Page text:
After dinner, according to immemorial custom, Mrs. Archer and Janey trailed their long silk draperies up to the drawing-room, where, while the gentlemen smoked below stairs, they sat beside a Carcel lamp with an engraved80 globe, facing each other across a rosewood work-table with a green silk bag under it, and stitched at the two ends of a tapestry81 band of field-flowers destined82 to adorn83 an "occasional" chair in the drawing- room of young Mrs. Newland Archer.

While this rite84 was in progress in the drawing-room, Archer settled Mr. Jackson in an armchair near the fire in the Gothic library and handed him a cigar. Mr. Jackson sank into the armchair with satisfaction, lit his cigar with perfect confidence (it was Newland who bought them), and stretching his thin old ankles to the coals, said: "You say the secretary merely helped her to get away, my dear fellow? Well, he was still helping85 her a year later, then; for somebody met 'em living at Lausanne together."

Newland reddened. "Living together? Well, why not? Who had the right to make her life over if she hadn't? I'm sick of the hypocrisy86 that would bury alive a woman of her age if her husband prefers to live with harlots."

He stopped and turned away angrily to light his cigar. "Women ought to be free--as free as we are," he declared, making a discovery of which he was too irritated to measure the terrific consequences.

Mr. Sillerton Jackson stretched his ankles nearer the coals and emitted a sardonic87 whistle.

"Well," he said after a pause, "apparently88 Count Olenski takes your view; for I never heard of his having lifted a finger to get his wife back."

 

第二天晚上,老西勒顿·杰克逊先生前来与阿切尔一家共进晚餐。

阿切尔太太是位腼腆的女人。她畏避社交界,但对其中的种种活动却喜欢了解得一清二楚。她的老朋友西勒顿·杰克逊善于将收藏家的耐心与博物学家的知识应用于对朋友们私事的调查,而与他同住的胞妹索菲·杰克逊,受到那些无法接触她那位广受欢迎的兄长的人们的款待,则把闲言碎语带回家来,有效地充实他的生动描述。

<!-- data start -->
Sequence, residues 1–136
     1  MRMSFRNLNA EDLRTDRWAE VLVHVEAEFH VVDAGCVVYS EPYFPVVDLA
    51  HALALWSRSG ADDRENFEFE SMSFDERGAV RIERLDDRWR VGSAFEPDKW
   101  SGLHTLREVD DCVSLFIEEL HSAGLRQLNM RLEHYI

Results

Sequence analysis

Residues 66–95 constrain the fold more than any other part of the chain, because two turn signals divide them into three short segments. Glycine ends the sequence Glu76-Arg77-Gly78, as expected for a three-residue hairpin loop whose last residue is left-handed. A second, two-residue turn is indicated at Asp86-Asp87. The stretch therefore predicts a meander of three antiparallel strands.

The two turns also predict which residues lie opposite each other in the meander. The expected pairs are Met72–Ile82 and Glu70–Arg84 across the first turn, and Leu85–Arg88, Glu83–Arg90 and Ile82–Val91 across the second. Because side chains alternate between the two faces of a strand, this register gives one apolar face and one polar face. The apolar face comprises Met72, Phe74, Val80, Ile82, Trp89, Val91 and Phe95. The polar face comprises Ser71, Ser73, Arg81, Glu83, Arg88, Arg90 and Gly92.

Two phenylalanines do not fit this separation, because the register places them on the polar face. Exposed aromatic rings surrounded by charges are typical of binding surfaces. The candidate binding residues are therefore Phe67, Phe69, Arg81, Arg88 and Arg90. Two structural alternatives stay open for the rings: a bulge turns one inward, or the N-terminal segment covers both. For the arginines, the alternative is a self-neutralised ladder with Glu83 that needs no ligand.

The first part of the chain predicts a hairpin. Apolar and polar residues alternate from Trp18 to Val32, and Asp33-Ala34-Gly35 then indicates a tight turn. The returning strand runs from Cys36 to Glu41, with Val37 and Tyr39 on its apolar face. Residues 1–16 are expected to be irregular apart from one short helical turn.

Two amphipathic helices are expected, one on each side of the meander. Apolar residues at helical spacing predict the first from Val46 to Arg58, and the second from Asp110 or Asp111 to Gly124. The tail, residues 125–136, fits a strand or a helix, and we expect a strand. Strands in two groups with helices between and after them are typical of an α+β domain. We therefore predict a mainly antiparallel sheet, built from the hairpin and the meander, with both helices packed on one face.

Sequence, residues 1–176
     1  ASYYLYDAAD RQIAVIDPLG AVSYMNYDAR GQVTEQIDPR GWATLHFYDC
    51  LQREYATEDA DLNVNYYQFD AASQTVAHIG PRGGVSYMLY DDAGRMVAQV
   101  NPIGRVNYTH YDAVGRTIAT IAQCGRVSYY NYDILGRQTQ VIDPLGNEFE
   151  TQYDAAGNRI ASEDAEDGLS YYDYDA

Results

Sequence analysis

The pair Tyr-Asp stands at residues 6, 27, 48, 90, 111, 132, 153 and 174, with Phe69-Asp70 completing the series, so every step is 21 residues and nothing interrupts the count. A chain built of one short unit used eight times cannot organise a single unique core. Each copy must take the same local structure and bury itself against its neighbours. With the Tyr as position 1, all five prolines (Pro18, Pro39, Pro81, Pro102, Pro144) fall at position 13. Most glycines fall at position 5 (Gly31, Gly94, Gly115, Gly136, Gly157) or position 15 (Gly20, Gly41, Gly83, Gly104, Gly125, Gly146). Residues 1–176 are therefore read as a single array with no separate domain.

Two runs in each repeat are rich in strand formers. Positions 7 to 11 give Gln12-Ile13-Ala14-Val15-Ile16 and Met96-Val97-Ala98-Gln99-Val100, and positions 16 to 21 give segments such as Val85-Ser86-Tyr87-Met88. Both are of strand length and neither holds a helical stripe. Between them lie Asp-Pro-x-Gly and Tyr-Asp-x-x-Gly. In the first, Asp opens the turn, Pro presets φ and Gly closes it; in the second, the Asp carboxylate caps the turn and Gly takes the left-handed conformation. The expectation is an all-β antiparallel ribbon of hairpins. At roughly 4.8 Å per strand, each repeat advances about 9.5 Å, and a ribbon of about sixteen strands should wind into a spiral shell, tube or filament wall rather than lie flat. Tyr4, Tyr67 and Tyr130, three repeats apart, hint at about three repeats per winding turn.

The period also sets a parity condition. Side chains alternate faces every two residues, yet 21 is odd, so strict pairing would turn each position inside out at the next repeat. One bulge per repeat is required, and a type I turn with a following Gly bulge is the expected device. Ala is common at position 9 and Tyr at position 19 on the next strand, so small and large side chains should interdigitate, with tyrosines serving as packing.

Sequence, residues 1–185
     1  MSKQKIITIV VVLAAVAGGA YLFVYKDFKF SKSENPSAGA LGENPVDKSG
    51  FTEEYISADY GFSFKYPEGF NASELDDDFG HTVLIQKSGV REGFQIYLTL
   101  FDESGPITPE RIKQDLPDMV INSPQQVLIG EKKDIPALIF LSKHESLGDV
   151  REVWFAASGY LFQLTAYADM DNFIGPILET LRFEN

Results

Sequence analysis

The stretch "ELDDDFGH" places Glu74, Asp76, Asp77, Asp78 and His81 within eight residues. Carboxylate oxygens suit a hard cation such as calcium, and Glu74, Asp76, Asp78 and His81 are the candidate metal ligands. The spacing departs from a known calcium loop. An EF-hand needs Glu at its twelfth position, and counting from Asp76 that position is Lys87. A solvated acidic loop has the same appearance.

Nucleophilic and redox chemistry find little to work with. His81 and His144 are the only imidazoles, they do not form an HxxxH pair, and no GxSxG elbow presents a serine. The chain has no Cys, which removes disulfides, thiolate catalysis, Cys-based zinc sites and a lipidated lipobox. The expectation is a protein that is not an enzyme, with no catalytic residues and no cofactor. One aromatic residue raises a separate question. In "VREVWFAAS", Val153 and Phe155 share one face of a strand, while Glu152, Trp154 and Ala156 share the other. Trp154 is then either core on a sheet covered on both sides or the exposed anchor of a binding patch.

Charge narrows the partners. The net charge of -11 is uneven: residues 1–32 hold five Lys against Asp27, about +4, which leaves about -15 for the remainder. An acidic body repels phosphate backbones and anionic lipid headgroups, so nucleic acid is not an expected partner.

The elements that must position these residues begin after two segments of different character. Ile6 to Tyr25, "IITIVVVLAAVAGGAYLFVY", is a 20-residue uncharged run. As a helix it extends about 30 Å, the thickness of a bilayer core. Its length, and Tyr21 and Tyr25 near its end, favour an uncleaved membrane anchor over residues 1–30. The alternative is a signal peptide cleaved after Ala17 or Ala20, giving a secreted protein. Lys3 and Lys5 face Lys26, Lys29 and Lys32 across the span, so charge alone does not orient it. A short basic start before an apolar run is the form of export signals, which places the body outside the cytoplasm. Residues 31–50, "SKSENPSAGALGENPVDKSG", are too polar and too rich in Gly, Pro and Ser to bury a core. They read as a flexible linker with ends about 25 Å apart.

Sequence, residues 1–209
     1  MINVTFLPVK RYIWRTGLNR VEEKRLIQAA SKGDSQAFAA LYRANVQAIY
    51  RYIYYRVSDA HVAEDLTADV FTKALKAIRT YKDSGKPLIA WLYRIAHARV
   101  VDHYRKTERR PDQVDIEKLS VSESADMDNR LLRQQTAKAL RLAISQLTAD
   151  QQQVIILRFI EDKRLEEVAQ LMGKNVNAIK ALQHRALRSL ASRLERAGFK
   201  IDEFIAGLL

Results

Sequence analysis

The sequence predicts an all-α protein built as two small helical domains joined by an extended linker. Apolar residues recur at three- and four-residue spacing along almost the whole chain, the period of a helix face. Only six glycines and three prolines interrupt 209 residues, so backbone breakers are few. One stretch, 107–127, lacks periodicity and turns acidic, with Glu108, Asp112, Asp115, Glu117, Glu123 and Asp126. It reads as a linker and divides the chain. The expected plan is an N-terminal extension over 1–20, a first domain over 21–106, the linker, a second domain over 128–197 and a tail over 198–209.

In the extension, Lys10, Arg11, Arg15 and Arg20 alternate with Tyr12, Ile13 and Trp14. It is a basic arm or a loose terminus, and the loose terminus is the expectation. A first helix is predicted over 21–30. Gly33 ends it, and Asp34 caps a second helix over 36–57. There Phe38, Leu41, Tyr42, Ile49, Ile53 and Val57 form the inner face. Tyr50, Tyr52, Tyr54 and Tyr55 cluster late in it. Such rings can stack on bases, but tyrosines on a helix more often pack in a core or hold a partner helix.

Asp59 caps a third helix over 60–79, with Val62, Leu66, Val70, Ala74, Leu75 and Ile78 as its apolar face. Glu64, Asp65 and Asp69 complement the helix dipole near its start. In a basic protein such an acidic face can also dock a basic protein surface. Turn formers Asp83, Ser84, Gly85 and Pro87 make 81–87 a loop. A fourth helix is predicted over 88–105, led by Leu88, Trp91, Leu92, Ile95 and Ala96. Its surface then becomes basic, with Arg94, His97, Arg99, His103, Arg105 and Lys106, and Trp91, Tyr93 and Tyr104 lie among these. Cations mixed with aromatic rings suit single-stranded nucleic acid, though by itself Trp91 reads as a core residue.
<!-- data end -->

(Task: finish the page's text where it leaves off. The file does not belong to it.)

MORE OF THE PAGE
因此,每有阿切尔太太想了解的事情发生,她便请杰克逊先生前来一聚。由于蒙她邀请的人寥若晨星,由于她与她的女儿詹尼都是极出色的听众,杰克逊先生通常都是亲自赴约,而不是派他的妹妹代劳。假如一切都能由他作主,他会选择纽兰不在家的晚上前来,这并非因为年轻人与他情趣不投(他两人在俱乐部相处甚笃),而是由于这位喜谈轶闻的老人有时候感到,纽兰有一种惦量他的证据的倾向,这在女眷们身上却是绝对见不到的。

假如能做到尽善尽美,杰克逊先生还会要求阿切尔太太的饭菜稍加改善。然而那时的纽约上流社会,自人们能记得的时候起就一直分成两大派。一派是明戈特与曼森两姓及其宗族,他们关心吃、穿与金钱;另一派是阿切尔一纽兰一范德卢顿家族,他们倾心于旅游、园艺以及最佳的小说,对粗俗的享乐形式则不屑一顾。

毕竟,一个人不可能好事样样有份。假如你与洛弗尔·明戈特一家共餐,你可以享用灰背野鸭、水龟和陈年佳酿;而在艾德琳·阿切尔家,你却可以高谈阔论阿尔卑斯山的风景和“大理石的半人半羊神像”,而且幸运的是,那位阿切尔·马迪拉曾经游历过好望角。因此,当阿切尔太太发来友好的召唤时,喜欢兼收并蓄的杰克逊先生往往会对妹妹说:“上次在洛弗尔·明戈特家吃饭以后我一直有点痛风——到艾德琳家忌忌口对我会有好处的。”

寡居多年的阿切尔太太与儿子、女儿住在西28街。二楼全部归纽兰专用,两个女人挤在楼下的小房间里。一家人兴趣爱好和谐一致,他们在沃德箱内种蕨类植物,织花边饰带,用亚麻布做毛绣,收藏独立战争时期上釉的器皿,订阅《名言》杂志,并为了追求意大利情调而读韦达的小说。(由于风景描写与情调欢快的缘故,他们更爱读反映农民生活的小说,尽管总体上他们是喜欢描写上流社会人物的作品,因为这些人的动机与习惯容易理解。他们不喜欢狄更斯,因为此人从未刻画过一位绅士。他们还认为,对贵族社会萨克雷不及布尔沃通晓,不过人们已开始觉得后者已经过时。)

阿切尔太太与阿切尔小姐都极爱秀丽的风光,这是她们在偶尔进行的国外旅行中主要的追求与憧憬。她们认为,建筑与绘画是属于男人的课题,而且主要属于那些读过拉斯金著作的有学问的人。阿切尔太太天生是纽兰家的一员,母女俩像姐妹般相像,如人们说的,她们都属于纯正的“纽兰家族”:身材高大,脸色苍白,肩膀略圆,长长的鼻子,甜甜的笑容,还有一种目光低垂的特征,就像雷诺兹某些褪了色的画像里画的那样。不过年迈发福已使阿切尔太太身上的黑色缎服绷得紧而又紧,而阿切尔小姐穿的棕紫色的毛织衣服,却在她那处女的身架上一年比一年宽松。不然的话,她们形体上的相似真可说是维妙维肖了。

就纽兰所知,她们在精神领域的相似却不像她们相同的习性所表现的那样一致。长期的共同生活、相互依存的亲情赋予她们相同的语汇以及开口讲话时相同的习惯。无论哪一位想提出自己的意见时,总是先说“妈妈以为”或“詹尼以为”;但实际上,阿切尔太太却是明显地缺乏想像力,容易满足于公认的事实与熟悉的东西,而詹尼却容易受幻想支配,产生冲动和越轨,那些幻想随时会从压抑的浪漫喷泉中迸发出来。

母女俩相互敬慕,并且都尊重她们的儿子和兄长。而阿切尔也满怀柔情地爱着她们俩,她们对他过分的赞赏使他惴惴不安,他从中得到的内心满足又令他失去鉴别力。他想,一个男人的权威在自己家中受到尊重毕竟是件好事,尽管他的幽默感有时也使他怀疑自己得到的信赖到底有多大威力。

这一次年轻人十分肯定杰克逊先生宁愿让他外出赴宴,然而他有自己的理由不照此办理。

老杰克逊当然是想谈论埃伦·奥兰斯卡的事,阿切尔太太与詹尼当然也想听一听他要讲的内容,三个人都会由于纽兰的在场而略显尴尬:因为他与明戈特家族未来的关系已经公之于众。年轻人饶有兴趣地想看一看,他们将如何解决这一难题。

他们转弯抹角地从勒姆尔·斯特拉瑟斯太太开始谈起。

“遗憾的是博福特夫妇还请了她,”阿切尔太太态度温和地说。“不过话又说回来了,里吉纳总是照他的吩咐办事,而博福特——”

“博福特对细节问题常常是不加留意,”杰克逊先生说,一面仔细审视着盘里的烤河鲱。他第一千次地纳闷,阿切尔太太的厨师为何老是把鱼子给烧成灰渣。(纽兰早就与他持有同样的困惑,且总能够从老人阴沉非难的脸色中看出这一点。)

“嗯,那是自然啰;博福特是个粗人嘛,”阿切尔太太说,“我外公纽兰过去老对我母亲说:‘你干什么都成,可千万别把博福特那个家伙介绍给姑娘们。’可他起码在结交绅士方面已占据了优势;在英国的时候据说也是如此。事情非常神秘——”她瞥了詹尼一眼,收住话头。她与詹尼对博福特的秘密了如指掌,不过在公开场合,阿切尔太太却继续装出这话题不适合未婚女子的样子。